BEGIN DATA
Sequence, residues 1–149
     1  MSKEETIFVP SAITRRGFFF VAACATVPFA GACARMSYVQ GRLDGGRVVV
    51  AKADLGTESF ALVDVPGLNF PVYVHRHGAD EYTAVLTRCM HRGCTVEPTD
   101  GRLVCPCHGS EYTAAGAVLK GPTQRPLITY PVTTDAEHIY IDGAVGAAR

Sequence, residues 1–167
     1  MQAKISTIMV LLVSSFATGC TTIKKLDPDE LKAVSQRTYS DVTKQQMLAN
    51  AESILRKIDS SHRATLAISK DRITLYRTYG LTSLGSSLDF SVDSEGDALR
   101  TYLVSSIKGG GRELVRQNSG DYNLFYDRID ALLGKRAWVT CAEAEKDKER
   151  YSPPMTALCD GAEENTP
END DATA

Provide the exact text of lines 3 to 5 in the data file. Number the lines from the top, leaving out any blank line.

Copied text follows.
    51  AKADLGTESF ALVDVPGLNF PVYVHRHGAD EYTAVLTRCM HRGCTVEPTD
   101  GRLVCPCHGS EYTAAGAVLK GPTQRPLITY PVTTDAEHIY IDGAVGAAR

Sequence, residues 1–167